The Russian stories are certainly falling apart because as the Polish crew stated, 15-20 minutes before PLF101 tried to land, the Polish crew stated they could see the Russian IL-76 veer left, indicating that visibility wasn't 200 and a ceiling height was at 50 meters.

And if the Russian IL-76 was told to not land under airport mins, then the following would have occurred with the Russian crew:

Pilots agree that this land should not be. In such conditions, the aircraft should stop at 100 meters and did not go down below. If the lands at the airport when the conditions below the minimum, the local office of the air comes, he says, "Captain, your license please" and take a license - explains Capt. Polanski
(google translated)

It seems odd that they would attempt to land knowing that their license could be yanked.

Now knowing that if the Russians were trying to land below weather mins, some Russians seem to be having second thoughts on what the actual weather was at the airport.

According to the story at the bgining of this thread, the Russians deliberately told the pilots that the weather was worse so they wouldn't land.

I find it odd they would do that, since it did not deter the Russian pilots carrying the president's security detail on the Russian IL-76 from trying two times to land and knowing that if they landed, it would mean "give me your licenses".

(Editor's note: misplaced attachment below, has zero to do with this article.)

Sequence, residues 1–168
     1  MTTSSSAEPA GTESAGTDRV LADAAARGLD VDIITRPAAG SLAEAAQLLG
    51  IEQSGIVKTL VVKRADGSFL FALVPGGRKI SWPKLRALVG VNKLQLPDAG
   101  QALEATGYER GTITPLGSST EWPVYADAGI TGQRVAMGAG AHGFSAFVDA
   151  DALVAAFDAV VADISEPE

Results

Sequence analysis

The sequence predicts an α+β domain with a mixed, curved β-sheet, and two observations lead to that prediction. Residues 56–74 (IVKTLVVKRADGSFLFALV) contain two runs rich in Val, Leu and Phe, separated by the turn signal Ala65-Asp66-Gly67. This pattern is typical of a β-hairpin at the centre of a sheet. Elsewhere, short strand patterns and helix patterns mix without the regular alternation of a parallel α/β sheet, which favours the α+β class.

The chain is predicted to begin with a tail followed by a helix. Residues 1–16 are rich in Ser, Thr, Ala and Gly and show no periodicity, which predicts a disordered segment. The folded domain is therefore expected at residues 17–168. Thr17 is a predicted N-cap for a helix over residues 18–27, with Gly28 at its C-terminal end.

And on top of this add the fact that the pilots flying the president asked that a Russian navigator be onboard.

Pilots responsible for transporting Prime Minister Donald Tusk and President Lech Kaczyński to Smolensk had requested the assistance of a Russian navigator as early as March 18.

In the same letter, the pilots asked for technical data regarding the Smolensk airport.
The documents were sent out to the Polish embassy in Moscow as well as Poland's Ministry of Foreign Affairs.

But no Russian navigator flew with PM Tusk on April 7 or Mr Kaczyński on April 10.

Reczpospolita journalists have yet to get answers as to why that was the case. They want to know whether Russia declined the request, whether Poland made the request too late, or whether the pilots' requests were sent to Moscow at all.

To date, the paper has received no answers from the authorities.

I'm sure the Russians will find an excuse and a good story on no Russian navigator being selected to be onboard the president's plane.

I have my own thoughts on the matter; the Russian navigators knew better than to fly with the president on that tragic day.

1 comment:

Anonymous said...

Hello, Tom! Here in Poland we still don't know technical specification of RSL system ( especially RSP-M6 radar ) used in Smolensk 10.04.2010.

Moscow and MAK refused polish prosecutors information about it, and in effect we don't know it was precision radar or not.

If you know any details, please write:

Thank you